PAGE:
by Jonathan Schumann
(This week, Jonathan Schumann returns to Arts and Leisure to review Alien: Covenant. Jonathan shared this column with his dad, Mark Schumann, from 1999 to 2006. He lives in New York City.)
The latest unnecessary chapter in the Alien franchise, Alien: Covenant is both a sequel to 2012’s Prometheus and a prequel to the 1979 original film.
Like Prometheus, the film focuses on building the mythology and origin story behind the monsters that have been terrifying Sigourney Weaver and audiences for so many years. While origin stories and world-building are all the rage thanks largely to the comic book franchises that dominate U.S. movie-going, this isn’t a series that needed any of this. Just because I find the gnarly-fanged monsters scary doesn’t mean I care where they came from and why. As excited as I was for a new alien story, this film left that desire unsatisfied and left me scratching my head.
Set 10 years after the action in Prometheus, the film follows a group of space colonists who — and this is what always happens in an Alien film — make an unexpected detour to explore a new planet. At the outset, everything seems fine on this new world — great mountains and streams — but all isn’t well on this potential utopia. They soon come across Michael Fassbender’s android from Prometheus, who has made a home here after escaping the mayhem from that film. Though he initially helps the colonists out, it soon becomes clear that he has a bigger agenda, and is just a bit too cozy with the monsters that are killing everyone off. Fassbender relishes his role — few people could do sociopath robots with the same gusto.
I won’t get too much more into the plot, but suffice to say that similar to Prometheus, the film’s storytelling is a bit over-stuffed. The filmmakers seem to have forgotten what made the original 1979 film — the best in the series — so powerful. That film was all simplicity and efficiency, and oozed with style and tension. Sure, there are some great gotcha moments here, but the proceedings are weighed down by too many ponderous plot elements.
That said, the film effectively continues the tradition of placing a strong female heroine in the center of the action. In the tradition of Sigourney Weaver’s Ripley and Noomi Rapace’s Elizabeth Shaw from Prometheus, Katherine Waterson (Inherent Vice, Queen of Earth) serves that purpose here and proves a worthy predecessor. The remaining cast is populated with better actors than the film deserves (Billy Crudup, Carmen Ejogo, Demian Bechir, Amy Seimetz), who unfortunately don’t have much to do beyond waiting to get killed off.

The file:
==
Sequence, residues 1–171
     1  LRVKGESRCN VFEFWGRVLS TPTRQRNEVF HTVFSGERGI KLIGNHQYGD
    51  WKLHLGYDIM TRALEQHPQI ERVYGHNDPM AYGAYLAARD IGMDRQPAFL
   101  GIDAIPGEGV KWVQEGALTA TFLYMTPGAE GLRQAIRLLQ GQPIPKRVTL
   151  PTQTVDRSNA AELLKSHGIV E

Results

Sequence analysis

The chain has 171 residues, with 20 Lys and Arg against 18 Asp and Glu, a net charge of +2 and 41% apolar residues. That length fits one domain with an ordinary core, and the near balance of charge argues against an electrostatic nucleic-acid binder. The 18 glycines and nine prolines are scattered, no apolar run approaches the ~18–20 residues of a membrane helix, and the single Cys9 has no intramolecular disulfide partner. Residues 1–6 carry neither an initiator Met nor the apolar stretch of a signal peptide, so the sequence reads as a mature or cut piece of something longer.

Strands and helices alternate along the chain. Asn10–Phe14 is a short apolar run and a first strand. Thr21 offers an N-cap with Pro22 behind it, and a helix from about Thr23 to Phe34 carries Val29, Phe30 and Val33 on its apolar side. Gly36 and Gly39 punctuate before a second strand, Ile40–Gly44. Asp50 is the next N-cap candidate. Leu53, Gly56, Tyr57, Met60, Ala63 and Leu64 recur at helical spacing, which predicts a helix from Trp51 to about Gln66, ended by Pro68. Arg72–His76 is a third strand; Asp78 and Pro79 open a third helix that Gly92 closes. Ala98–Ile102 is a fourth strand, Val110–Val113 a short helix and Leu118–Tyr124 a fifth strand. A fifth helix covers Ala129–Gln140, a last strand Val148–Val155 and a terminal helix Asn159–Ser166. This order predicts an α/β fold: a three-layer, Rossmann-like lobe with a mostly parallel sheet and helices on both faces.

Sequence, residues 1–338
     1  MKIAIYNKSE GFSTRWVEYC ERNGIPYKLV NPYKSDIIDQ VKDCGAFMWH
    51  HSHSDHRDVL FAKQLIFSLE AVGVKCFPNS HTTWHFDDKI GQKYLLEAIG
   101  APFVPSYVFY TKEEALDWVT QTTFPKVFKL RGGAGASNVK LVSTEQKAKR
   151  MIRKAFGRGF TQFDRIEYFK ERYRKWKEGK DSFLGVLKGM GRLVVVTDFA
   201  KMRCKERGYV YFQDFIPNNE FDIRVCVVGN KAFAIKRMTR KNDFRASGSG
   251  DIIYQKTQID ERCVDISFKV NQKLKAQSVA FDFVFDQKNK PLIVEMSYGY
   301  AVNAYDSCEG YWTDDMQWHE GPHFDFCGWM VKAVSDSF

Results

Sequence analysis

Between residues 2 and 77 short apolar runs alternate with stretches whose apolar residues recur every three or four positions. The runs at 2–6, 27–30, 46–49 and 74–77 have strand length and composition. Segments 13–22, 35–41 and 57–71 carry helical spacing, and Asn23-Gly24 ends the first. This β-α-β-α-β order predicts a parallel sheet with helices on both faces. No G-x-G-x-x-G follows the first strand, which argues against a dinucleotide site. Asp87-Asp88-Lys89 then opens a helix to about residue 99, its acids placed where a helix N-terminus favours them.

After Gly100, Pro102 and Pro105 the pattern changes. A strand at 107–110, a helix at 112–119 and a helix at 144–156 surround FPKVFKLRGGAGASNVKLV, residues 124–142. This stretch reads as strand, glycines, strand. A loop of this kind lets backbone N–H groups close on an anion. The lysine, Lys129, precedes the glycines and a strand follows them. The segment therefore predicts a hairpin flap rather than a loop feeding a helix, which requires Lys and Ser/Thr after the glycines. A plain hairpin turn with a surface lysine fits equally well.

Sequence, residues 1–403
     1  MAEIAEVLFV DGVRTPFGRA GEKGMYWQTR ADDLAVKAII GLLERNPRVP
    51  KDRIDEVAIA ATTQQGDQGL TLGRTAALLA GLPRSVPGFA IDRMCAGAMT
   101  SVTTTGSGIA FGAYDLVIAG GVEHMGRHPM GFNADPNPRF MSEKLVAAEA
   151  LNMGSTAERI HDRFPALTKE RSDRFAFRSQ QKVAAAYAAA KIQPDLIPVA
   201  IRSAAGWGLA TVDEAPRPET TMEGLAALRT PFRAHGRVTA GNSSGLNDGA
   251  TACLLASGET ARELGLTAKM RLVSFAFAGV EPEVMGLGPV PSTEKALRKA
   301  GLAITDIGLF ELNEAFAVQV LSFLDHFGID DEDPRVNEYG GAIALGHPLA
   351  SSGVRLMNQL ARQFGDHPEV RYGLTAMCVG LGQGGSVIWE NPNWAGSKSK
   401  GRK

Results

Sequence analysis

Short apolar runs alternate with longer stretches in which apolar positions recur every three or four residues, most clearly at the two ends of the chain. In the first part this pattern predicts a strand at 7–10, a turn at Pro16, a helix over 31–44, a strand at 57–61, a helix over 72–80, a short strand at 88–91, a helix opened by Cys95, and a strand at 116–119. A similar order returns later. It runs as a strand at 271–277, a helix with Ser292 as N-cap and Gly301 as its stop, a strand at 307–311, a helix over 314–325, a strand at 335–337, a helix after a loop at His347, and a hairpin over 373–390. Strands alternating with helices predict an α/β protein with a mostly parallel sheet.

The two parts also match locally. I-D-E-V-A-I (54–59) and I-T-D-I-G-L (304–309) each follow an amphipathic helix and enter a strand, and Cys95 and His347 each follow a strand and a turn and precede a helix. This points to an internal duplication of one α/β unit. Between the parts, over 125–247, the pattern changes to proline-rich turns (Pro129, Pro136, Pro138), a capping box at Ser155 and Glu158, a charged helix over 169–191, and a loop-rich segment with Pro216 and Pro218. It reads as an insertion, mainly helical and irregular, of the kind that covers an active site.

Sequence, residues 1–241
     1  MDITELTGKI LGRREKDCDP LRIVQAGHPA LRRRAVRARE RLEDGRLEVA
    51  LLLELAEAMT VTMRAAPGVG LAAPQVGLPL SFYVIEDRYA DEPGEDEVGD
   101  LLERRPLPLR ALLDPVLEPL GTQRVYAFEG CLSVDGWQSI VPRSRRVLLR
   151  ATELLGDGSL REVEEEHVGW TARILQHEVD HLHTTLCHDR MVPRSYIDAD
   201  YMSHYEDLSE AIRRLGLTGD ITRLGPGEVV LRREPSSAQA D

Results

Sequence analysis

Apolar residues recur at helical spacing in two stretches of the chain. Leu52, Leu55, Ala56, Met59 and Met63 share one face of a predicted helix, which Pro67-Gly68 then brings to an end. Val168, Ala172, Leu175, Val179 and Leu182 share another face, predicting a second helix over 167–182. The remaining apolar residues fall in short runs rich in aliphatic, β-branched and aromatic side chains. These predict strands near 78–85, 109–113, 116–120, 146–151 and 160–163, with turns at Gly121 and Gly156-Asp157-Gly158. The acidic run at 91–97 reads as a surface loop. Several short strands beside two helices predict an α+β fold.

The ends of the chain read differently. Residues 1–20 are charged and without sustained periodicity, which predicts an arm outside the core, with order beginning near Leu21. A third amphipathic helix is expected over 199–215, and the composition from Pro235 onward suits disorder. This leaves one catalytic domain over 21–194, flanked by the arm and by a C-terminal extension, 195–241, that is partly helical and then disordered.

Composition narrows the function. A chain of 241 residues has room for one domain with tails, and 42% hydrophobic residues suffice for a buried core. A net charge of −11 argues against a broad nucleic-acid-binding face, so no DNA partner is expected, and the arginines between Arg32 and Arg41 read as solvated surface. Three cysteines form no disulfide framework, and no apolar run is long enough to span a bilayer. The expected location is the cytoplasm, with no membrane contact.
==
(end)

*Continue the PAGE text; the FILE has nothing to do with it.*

Streaming Pick: Alien (1979)
All the films in the series that have followed this original film have attempted to capture its scares, but all have fallen short. Basically a “Jaws in space” pitch with the members of an industrial spacecraft getting killed off one by one by a mysterious creature. With a lower budget and a leaner approach than the James Cameron sequel that would follow (and the less said about David Fincher’s Alien 3 the better), no other film in the series has been able to replicate its success.
(Alien: Covenant, running 2 hours, 2 minutes, is Rated R for sci-fi violence, bloody images, language and some sexuality/nudity. 2 Popcorn Buckets. Read more about monsters at the movies in the Reel Dad, Arts and Leisure online, at hersamacorn.com.)
Film Nutritional Value:
- Content: Medium. This unnecessary chapter focuses on the mythology and origin story behind the monsters that have terrified audiences for years.
- Entertainment: Medium. The filmmakers seem to have forgotten what made the original 1979 film so powerful with its simplicity and efficiency, style and tension.
- Message: Medium. The film effectively continues the tradition of placing a strong female heroine in the center of the action.
- Relevance: Medium. As excited as I was for a new alien story, this film left that desire unsatisfied and left me scratching my head.